When I saw the first “Inside Out” movie, I remember laughing hard when Anger caused Riley, the main character, to yell at her mom, as it made me recall my youthful outbursts. I also remember choking up when Sadness helped Riley’s make-believe friend grieve her growing up.

Recently, I was treated to “Inside Out 2” during which we are introduced to new emotions, including Anxiety and Embarrassment. The creativity is amazing and I got lost in the film, enjoying every moment.

On a subsequent walk with a co-worker, as we discussed a recent decision to let an employee go due to their choice to shame others, I reflected on the emotions we experience and invest in at work. If we had let this behavior continue, we would have been sending a message that shaming is acceptable.

Who is responsible for our emotions? Is it appropriate to talk about them in an office or professional setting? It’s a nature/nurture-type question, in my opinion. Can we control our emotions? Are we responsible when someone says we made them feel a certain way?

I can argue both sides – that we both can and cannot control our emotions – but what I am sure of is that we can be intentional about how we want to make someone feel. If I say something that embarrasses someone but that was not my intent, I apologize and ask for forgiveness; but if I intend to upset someone and want to make them feel bad, then I am responsible for those emotions.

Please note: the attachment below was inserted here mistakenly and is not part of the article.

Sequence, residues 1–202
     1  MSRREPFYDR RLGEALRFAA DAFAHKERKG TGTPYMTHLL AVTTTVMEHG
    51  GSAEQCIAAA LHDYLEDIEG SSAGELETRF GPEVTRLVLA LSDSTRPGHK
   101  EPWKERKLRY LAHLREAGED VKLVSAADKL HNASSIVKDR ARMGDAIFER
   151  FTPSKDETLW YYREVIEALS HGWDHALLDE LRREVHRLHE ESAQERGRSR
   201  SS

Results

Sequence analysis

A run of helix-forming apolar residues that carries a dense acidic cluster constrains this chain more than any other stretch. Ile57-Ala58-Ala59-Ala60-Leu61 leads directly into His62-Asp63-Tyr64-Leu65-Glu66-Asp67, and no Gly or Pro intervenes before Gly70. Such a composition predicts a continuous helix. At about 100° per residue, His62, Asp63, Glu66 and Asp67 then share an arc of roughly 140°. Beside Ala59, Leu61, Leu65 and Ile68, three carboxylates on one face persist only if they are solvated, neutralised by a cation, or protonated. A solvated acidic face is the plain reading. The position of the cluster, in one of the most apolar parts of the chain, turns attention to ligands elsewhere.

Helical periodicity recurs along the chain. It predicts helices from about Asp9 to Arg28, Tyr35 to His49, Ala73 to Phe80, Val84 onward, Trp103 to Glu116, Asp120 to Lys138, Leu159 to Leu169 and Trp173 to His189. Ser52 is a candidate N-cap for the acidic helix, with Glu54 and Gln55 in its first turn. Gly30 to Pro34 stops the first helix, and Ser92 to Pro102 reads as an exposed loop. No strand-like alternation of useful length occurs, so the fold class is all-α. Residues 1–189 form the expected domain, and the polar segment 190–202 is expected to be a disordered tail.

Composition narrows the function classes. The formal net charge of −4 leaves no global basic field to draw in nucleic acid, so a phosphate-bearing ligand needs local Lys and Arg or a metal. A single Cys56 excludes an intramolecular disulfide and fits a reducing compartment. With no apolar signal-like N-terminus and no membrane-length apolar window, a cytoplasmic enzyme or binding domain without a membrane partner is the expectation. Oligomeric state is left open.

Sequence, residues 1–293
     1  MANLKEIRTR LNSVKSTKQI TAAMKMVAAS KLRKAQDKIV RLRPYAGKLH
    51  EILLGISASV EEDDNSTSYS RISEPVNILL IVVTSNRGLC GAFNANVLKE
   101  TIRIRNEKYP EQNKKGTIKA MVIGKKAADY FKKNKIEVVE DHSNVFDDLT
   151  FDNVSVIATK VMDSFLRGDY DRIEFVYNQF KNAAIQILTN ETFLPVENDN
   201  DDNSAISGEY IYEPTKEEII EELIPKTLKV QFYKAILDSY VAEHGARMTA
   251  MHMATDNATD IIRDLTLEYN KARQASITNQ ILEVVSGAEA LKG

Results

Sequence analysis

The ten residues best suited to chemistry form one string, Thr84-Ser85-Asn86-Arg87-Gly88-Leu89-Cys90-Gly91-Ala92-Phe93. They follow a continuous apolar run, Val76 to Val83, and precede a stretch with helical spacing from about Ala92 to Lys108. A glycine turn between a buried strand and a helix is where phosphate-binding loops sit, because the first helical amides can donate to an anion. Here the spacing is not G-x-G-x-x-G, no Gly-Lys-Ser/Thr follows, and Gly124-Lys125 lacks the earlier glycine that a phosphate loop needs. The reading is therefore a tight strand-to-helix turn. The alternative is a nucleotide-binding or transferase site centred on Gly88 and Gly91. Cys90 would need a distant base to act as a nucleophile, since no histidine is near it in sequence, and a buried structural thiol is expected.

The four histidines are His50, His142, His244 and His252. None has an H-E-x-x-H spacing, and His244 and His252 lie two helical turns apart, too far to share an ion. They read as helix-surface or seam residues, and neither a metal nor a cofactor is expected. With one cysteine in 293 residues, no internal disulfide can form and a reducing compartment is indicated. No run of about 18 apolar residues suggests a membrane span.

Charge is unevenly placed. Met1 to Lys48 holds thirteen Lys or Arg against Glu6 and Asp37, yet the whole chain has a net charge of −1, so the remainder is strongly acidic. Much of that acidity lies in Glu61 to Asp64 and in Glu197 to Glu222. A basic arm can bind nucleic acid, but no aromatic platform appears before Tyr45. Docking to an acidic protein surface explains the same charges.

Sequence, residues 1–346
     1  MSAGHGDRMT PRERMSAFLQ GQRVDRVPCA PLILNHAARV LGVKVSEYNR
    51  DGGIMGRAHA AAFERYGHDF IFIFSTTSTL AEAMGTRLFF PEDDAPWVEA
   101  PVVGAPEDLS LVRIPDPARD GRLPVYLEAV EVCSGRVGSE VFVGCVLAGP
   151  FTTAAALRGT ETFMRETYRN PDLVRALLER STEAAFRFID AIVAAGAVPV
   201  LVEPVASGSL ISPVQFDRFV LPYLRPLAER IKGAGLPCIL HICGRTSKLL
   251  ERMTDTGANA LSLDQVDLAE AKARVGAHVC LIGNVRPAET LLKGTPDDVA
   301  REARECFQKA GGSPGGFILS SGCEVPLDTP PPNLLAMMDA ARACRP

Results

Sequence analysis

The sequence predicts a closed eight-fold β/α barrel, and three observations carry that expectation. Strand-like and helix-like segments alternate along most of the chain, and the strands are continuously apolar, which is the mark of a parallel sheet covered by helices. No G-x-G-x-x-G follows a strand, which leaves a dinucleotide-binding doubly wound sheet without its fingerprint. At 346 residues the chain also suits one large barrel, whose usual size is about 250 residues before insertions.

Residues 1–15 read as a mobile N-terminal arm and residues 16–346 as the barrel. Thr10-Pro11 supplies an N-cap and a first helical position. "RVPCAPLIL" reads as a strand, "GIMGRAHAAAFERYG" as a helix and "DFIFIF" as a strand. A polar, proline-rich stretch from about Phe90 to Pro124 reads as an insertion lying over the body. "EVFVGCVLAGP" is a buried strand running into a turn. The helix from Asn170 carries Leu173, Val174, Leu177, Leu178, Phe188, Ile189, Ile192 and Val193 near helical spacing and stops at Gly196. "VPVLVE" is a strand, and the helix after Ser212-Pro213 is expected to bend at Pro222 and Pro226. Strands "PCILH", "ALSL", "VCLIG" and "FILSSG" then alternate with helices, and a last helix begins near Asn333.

In a professional setting, when we let bad behavior stay, the message we are sending is that it’s OK to be disrespectful, mean, degrading and/or adolescent. I am a fan of giving people a chance to become aware of what is not working and to change how they interact, but there is a limit to that window of chance. Each day a person with bad behavior is allowed to stay is a day that the adults – the ‘A players’ – are at risk of leaving for higher ground.

In the sequel, when Joy returns to the control center and shows Anxiety what she had done (created mayhem for Riley), Anxiety says, “I was just trying to help,” which indeed she was. Sometimes, we need another individual’s perspective to understand if our desired outcomes align with reality.

– Becky Sharpe, CEO